The Sparrow by Mary Doria Russell
My rating: 5 of 5 stars
This book was a huge surprise for me. A friend had loaned it to me, along with several other books, and I was looking for books to read on my annual go-to-a-cabin-on-the-beach-and-read-and-sleep vacation, so I threw this one into my bag. The premise sounds intriguing - first contact of humans with an alien species, and the team sent to the planet is comprised of 4 Jesuit priests, a doctor, an engineer, an astronomer and an AI specialist. It was the Jesuit priest idea that piqued my interest - and I'm a sucker for "first contact" books, too.
So, I started reading, expecting an interesting, but normal, such story. Imagine my surprise and delight when I got that plus a whole lot more! This is not just a first contact sci-fi story - it's an exploration of God, faith, prayer, predistination and the problem of pain (as CS Lewis deals with in The Problem of Pain) disguised as science fiction.
The story is told in alternating chapters of the present (2059) and the past (several years earlier). We first meet the only surviving member of the team, Emilio Sandoz, who is emotionallly and physically broken. Between chapters of the Jesuits trying to help (and debrief) him, we get chapters introducing the characters and how the first contact happened and how the mission came about. So, you're immediately set to wondering about what happened, and how did Emilio get in such a state? As you read further and further, the feeling of dread really starts hanging over you. This is not necessarily an easy book to read, because of the story and the themes - it's not a "they lived happily ever after" kind of book! But, it has jumped to my list of top 10 books I've ever read!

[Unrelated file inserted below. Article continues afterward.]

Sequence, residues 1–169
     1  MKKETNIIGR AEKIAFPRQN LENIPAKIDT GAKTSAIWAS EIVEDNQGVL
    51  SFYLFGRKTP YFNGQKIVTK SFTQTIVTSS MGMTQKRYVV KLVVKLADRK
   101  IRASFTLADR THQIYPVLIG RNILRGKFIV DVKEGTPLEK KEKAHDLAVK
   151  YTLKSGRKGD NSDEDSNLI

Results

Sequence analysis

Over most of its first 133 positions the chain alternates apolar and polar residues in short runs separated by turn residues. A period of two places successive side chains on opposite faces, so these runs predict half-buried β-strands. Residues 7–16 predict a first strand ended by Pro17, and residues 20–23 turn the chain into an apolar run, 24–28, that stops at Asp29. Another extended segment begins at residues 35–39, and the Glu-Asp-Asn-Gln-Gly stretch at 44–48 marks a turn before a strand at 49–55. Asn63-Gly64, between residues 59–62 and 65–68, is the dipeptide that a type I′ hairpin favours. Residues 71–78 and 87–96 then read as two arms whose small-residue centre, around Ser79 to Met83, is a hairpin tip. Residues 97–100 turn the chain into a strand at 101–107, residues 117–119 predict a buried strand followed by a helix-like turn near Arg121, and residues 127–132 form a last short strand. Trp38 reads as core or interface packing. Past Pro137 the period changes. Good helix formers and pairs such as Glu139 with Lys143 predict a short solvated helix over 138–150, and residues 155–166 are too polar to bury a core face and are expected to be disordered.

I was utterly captivated by the book - the style of the writing, the construction of the book, and, of course, the overall theme: if God is a loving God, and we are "doing his will" why do HORRIBLE things happen to us? Did God allow it? Did God send it? Does God not care about the pain? These are questions I have struggled with my whole life. This book doesn't answer any questions, but it certainly presents the problem in a very powerful way. Don't get me wrong - this isn't some boring theological treatise - this is a rip-roaring sci-fi tale, with a VERY interesting and original alien planet, and can be enjoyed just for that. But, I think most readers will also be touched by the theme of the book, and will be left pondering some very heavy ideas...